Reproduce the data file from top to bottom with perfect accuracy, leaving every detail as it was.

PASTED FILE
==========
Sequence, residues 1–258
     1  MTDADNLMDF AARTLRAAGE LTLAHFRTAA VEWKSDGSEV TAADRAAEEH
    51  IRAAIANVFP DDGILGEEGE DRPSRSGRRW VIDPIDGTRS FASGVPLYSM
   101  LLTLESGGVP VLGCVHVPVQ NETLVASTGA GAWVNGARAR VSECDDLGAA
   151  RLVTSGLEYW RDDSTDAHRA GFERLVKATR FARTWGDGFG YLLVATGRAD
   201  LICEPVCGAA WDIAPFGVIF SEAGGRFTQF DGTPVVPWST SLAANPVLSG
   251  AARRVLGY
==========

Sequence, residues 1–258
     1  MTDADNLMDF AARTLRAAGE LTLAHFRTAA VEWKSDGSEV TAADRAAEEH
    51  IRAAIANVFP DDGILGEEGE DRPSRSGRRW VIDPIDGTRS FASGVPLYSM
   101  LLTLESGGVP VLGCVHVPVQ NETLVASTGA GAWVNGARAR VSECDDLGAA
   151  RLVTSGLEYW RDDSTDAHRA GFERLVKATR FARTWGDGFG YLLVATGRAD
   201  LICEPVCGAA WDIAPFGVIF SEAGGRFTQF DGTPVVPWST SLAANPVLSG
   251  AARRVLGY